Regardless, after the enjoyable diversion of last month’s story about Kipling, this one’s back to the ongoing tale of Tom Taylor, and it’s as enjoyable as it ever was. I’ve talked quite a bit about Mike Carey’s scripting and the focus on literary trivia that he manages to not just work into the story, but make the main focus of the story without coming off as a pretentous know-it-all (no easy feat), but Peter Gross is doing an amazing job with the book, pulling off the neat trick himself of delivering clean-but-detailed art to the story. It’s excellent stuff, and I’m glad to see that–around my neck of the woods, anyway–a lot of people are really getting into it.
Engaging, fun, and even educational? Clearly, Unwritten will fit in quite nicely on the Draculomter as Count Von Count.
X-Men vs. Agents of Atlas #1: I’m going to keep this brief hre: This is a new series by Jeff Parker, and you all know how I feel about him. It’s about the Agents of Atlas and the X-Men, and you all know how I feel about them. It involves Wolverine fighting both a gorilla and a robot, and you all know how I feel about that. Carlo Pagulayan does the art, and given what you already know, you can probably figure out how I feel about his work, too.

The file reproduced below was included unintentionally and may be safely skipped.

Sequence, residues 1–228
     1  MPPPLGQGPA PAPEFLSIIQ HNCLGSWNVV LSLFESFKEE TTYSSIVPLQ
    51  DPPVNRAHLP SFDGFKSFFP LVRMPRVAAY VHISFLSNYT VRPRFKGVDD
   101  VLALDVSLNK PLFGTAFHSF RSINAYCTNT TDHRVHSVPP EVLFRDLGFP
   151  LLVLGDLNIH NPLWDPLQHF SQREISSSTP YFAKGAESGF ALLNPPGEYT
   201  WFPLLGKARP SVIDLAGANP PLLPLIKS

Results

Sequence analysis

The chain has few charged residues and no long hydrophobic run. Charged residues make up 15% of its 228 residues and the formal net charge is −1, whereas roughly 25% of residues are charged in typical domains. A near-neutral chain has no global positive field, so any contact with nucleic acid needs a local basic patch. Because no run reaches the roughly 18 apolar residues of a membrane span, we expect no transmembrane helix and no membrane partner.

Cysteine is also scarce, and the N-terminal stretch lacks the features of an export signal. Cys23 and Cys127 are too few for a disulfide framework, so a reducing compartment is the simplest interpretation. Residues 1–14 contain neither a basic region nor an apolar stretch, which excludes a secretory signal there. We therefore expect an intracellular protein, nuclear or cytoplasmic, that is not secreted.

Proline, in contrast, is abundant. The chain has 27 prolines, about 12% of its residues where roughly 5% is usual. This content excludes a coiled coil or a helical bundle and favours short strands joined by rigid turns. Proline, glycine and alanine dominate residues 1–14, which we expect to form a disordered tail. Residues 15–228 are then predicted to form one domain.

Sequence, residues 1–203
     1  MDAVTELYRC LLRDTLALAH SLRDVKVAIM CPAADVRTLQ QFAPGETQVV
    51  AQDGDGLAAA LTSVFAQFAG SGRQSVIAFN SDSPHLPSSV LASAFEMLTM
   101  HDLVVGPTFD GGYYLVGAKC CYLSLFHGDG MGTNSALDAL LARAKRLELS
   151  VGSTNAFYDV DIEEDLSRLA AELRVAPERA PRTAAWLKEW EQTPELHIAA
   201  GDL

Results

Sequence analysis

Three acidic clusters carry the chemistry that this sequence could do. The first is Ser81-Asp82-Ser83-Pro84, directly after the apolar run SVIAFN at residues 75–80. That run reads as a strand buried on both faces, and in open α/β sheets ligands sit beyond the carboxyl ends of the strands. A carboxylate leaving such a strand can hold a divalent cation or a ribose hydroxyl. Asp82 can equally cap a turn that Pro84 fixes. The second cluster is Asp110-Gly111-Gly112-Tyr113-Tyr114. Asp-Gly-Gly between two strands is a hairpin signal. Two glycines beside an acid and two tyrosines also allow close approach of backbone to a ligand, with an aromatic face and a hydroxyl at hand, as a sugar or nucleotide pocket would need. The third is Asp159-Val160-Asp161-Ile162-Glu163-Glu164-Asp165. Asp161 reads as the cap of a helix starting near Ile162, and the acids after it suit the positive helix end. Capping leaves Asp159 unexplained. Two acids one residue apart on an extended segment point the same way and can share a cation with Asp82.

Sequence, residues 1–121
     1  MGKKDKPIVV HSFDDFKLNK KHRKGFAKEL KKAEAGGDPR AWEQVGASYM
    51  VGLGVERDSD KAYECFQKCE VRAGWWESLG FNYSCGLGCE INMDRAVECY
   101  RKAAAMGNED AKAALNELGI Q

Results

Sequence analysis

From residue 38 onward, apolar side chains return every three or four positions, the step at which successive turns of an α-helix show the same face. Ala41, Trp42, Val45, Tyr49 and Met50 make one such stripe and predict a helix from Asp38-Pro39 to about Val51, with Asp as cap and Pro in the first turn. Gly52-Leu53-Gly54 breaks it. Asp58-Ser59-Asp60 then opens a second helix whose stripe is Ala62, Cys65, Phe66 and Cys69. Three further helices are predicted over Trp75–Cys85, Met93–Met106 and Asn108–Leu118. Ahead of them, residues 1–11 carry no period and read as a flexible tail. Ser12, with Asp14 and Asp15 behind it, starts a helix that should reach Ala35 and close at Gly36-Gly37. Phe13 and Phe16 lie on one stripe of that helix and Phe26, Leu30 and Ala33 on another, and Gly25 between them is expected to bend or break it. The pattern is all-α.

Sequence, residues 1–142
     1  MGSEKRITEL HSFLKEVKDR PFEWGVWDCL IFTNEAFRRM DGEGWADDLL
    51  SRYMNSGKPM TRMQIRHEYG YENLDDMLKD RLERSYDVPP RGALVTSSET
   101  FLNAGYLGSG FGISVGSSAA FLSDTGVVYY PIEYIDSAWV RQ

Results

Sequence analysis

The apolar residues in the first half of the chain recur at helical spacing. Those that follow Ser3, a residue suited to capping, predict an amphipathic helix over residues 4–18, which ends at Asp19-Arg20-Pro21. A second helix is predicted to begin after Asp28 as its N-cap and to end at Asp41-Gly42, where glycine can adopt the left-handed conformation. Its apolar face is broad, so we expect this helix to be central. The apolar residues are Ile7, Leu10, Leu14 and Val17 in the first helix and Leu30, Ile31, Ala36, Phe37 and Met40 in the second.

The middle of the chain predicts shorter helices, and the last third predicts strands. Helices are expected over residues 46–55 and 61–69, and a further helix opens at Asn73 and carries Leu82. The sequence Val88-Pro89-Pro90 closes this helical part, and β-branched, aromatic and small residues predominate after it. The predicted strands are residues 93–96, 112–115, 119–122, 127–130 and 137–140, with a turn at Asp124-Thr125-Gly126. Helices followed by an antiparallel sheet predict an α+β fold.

(HINT: These are all very positive feelings)
To place our final book this week on the Draculometer, this one is a solid Count Orlock: Just as cool as Dracula, but with the added street cred that being an unlicensed bootleg vampire can get you.
And that’s the Dracula Week In Ink! As always, any questions or concerns can be left in the comments section below, and as I managed to disparage Geoff Johns and Joss Whedon, at the same time in this post, I imagine you’ve all got plenty to say, and I assure you that I will definitely not ignore it.